By Stephanie Kelly and Daniel Trotta
NEW YORK (Reuters) – The U.S. death toll from the coronavirus pandemic climbed past 3,000 on Monday, the deadliest day yet in the country’s mounting crisis, while New York cheered the arrival of a gleaming 1,000-bed U.S. Navy hospital ship as a sign of hope in the city’s desperate fight.
In a grim new milestones marking the spread of the virus, total deaths across the United States hit 3,017, including at least 540 on Monday, and the reported cases climbed to more than 163,000, according to a Reuters tally.
People in New York and New Jersey lined both sides of the Hudson River to cheer the U.S Navy ship Comfort, a converted oil tanker painted white with giant red crosses, as it sailed past the Statue of Liberty accompanied by support ships and helicopters.
The Comfort will treat non-coronavirus patients, including those who require surgery and critical care, in an effort to free up other resources to fight the virus, the Navy said.
“It’s a wartime atmosphere and we all have to pull together,” said New York City Mayor Bill de Blasio, who was among the dignitaries to greet the ship’s arrival at the Midtown Manhattan pier.
Hospitals in the New York City area have been overrun with patients suffering from COVID-19, the respiratory illness caused by the virus. Officials have appealed for volunteer healthcare workers.
“We can’t take care of you if we can’t take care of ourselves,” said Krystal Horchuck, a nurse with Virtua Memorial Hospital in New Jersey. “I think a lot of us have accepted the fact that we are probably going to get this. It’s just that we want to survive. We’re all being exposed to it at some point.”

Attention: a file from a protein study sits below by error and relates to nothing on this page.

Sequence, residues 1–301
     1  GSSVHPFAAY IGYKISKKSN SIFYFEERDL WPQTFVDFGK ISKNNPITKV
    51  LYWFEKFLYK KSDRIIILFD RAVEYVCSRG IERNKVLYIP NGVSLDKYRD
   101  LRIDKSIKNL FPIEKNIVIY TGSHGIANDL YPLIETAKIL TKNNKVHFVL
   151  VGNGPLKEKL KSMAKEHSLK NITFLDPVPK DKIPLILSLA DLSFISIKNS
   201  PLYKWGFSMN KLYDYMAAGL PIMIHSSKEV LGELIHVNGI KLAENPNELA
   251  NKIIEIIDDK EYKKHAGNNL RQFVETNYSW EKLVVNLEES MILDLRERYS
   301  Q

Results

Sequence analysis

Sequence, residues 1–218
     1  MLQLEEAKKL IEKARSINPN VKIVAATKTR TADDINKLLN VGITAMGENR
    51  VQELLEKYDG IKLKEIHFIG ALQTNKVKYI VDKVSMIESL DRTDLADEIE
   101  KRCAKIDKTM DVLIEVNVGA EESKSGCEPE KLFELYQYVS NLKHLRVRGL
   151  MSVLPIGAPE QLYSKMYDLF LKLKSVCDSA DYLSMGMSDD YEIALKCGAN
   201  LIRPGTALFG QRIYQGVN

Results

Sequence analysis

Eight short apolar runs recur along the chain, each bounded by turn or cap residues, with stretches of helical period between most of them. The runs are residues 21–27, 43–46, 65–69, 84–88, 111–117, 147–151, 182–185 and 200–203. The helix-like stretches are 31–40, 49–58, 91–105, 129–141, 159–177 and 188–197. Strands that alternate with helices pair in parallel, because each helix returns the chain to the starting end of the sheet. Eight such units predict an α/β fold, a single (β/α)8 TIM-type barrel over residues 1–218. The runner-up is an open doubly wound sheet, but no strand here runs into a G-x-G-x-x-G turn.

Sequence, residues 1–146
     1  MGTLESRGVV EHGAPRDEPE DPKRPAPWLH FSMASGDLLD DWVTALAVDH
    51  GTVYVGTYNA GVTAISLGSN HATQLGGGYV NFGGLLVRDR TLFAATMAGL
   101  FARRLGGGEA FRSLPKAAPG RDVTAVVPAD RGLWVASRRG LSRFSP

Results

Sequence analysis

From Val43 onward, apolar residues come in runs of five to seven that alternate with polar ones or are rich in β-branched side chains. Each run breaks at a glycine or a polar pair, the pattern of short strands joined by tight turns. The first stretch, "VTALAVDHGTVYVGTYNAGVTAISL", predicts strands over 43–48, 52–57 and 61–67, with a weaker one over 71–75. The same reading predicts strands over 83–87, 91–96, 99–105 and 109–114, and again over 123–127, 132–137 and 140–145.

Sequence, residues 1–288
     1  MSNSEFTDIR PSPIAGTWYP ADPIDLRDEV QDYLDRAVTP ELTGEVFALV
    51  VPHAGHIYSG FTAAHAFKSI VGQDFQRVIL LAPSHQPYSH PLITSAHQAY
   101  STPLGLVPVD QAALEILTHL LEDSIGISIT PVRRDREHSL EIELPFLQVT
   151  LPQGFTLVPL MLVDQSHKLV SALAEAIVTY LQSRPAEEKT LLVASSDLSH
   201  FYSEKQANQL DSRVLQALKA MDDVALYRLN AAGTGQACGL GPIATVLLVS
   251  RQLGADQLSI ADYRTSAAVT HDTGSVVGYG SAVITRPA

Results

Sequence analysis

The United States has the most confirmed cases in the world, a number that is likely to soar when tests for the virus become more widespread.(Graphic: https://tmsnrt.rs/2w7hX9T)
President Donald Trump told a White House briefing that more than 1 million Americans had been tested for coronavirus – less than 3% of the population. While the United States has ramped up testing after a series of setbacks, it still lags countries like Italy and South Korea on a per capita basis.
In California, another hard-hit state, Governor Gavin Newsom said the number of COVID-19 hospitalizations had nearly doubled over the past four days and the number of ICU patients had tripled. Officials there also appealed for medical volunteers.
CENTRAL PARK HOSPITALS
To ease the pressure in New York, construction of a 68-bed field hospital began on Sunday in Manhattan’s Central Park. The white tents being set up evoked a wartime feel in an island of green typically used by New Yorkers to exercise, picnic and enjoy the first signs of spring.
The makeshift facility, provided by the Mount Sinai Health System and non-profit organization Samaritan’s Purse, is expected to begin accepting patients on Tuesday, de Blasio said.
New York Governor Andrew Cuomo, one of the most prominent public figures of the coronavirus crisis, told a news conference the state might have to step in to close playgrounds in the country’s most populous city in order to enforce social distancing and slow the spread of the virus.